What Audacity Looks Like

The Voina Group

The Voina Group

The other day, I came across photographs of the audacious Russian street-art group Voina. What struck me most was how ordinary the members looked. They could have easily been any undergrads from any American campus. Yet, the Russian government has brought more than a dozen criminal cases against them. The same government that also saw fit to grant them the Ministry of Culture Innovation 2011 award for modern visual arts. Though perhaps not precisely for the giant phallus that they had painted on the Liteyny drawbridge leading to the Bolshoy Dom headquarters of the Federal Security Service in Saint Petersburg.

I took these photos as further evidence for a hypothesis first formed at my father’s knee: that there is no necessary correlation between audacious appearance and audacious acts. The seemingly unremarkable people sitting around my family’s kitchen table, all war refugees, had routinely done things that you and I wouldn’t dream of doing. The others that I later encountered, either directly or indirectly. Rosa Parks, the small woman with the rimless glasses whose singular act sparked the US civil rights movement. The girls in shirtwaist dresses and guys in plaid shirts who adopted the Port Huron Statement, written by the curly-haired Tom Hayden, that launched 50 years of student protest and mass action for a more democratic society. The controversial authors that I read–James Joyce, Vladimir NabokovHenry MillerGeorge Orwell, JD SalingerKurt Vonnegut– who, on looks alone, would have been welcomed at any of the libraries where their books had been banned. The more flamboyant forming the remainder of my world–the Hippies and their successors–seemed to be mere eiphenomena, not the driving force of audacity.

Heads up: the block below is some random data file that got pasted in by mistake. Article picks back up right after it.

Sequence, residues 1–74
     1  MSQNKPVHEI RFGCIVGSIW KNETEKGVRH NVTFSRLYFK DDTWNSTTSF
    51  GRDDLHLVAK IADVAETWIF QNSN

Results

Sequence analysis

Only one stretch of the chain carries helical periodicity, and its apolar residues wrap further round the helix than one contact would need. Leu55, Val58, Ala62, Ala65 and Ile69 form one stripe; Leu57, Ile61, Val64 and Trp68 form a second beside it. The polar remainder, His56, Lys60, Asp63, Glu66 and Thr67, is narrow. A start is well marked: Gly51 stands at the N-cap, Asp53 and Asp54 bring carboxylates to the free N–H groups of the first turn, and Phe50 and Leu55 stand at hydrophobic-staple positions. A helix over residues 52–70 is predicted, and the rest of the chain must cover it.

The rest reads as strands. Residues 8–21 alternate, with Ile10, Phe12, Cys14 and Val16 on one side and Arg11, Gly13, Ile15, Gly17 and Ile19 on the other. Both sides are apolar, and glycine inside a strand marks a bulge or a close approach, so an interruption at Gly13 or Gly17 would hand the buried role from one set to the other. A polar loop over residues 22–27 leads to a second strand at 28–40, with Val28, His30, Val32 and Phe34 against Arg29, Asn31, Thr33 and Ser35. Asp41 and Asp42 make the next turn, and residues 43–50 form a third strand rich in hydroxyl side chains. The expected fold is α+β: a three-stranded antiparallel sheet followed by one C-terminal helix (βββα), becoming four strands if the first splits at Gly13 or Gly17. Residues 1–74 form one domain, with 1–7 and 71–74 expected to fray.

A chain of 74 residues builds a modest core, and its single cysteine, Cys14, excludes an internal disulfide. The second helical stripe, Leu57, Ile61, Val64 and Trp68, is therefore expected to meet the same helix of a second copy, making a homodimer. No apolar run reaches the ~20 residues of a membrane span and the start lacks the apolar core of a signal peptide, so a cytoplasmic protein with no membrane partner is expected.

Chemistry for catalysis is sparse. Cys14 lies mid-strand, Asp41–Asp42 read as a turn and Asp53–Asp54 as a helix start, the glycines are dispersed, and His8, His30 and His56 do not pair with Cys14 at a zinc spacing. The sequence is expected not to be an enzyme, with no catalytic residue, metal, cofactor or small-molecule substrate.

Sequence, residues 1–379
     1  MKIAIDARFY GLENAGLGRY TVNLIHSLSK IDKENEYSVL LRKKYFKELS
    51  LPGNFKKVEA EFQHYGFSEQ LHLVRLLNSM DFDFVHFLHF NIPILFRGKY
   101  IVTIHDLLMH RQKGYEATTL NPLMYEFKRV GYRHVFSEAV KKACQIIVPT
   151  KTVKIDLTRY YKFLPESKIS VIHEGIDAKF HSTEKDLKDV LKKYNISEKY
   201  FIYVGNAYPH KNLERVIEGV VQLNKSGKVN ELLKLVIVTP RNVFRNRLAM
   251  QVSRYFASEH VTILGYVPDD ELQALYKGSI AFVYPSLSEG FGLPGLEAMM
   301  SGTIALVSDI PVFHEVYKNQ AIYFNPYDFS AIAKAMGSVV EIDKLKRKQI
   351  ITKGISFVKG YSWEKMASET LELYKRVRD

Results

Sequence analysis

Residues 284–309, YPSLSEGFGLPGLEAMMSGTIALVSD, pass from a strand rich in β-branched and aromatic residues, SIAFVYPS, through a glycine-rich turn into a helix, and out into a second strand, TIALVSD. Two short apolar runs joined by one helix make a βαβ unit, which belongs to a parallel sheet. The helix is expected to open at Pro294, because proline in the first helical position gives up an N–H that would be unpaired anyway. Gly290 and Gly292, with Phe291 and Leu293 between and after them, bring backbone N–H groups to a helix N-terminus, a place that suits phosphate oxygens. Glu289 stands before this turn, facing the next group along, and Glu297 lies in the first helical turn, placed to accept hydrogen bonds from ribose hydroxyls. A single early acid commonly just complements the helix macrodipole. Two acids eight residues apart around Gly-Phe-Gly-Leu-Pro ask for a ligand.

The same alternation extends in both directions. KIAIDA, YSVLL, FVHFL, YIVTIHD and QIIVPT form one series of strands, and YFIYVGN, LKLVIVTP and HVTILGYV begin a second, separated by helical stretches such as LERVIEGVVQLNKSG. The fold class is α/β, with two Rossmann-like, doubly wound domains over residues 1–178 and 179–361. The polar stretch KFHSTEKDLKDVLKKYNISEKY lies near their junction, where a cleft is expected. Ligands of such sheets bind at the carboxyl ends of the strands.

But what about visual artists, who are–well–more visually oriented? Is it easier to spot the most audacious of that sort? Look at a list of the 10 most controversial artists of our time that I located online and judge for yourself. They’re presented below by birth order, together with a brief description, and shown in a slide show with a representative work: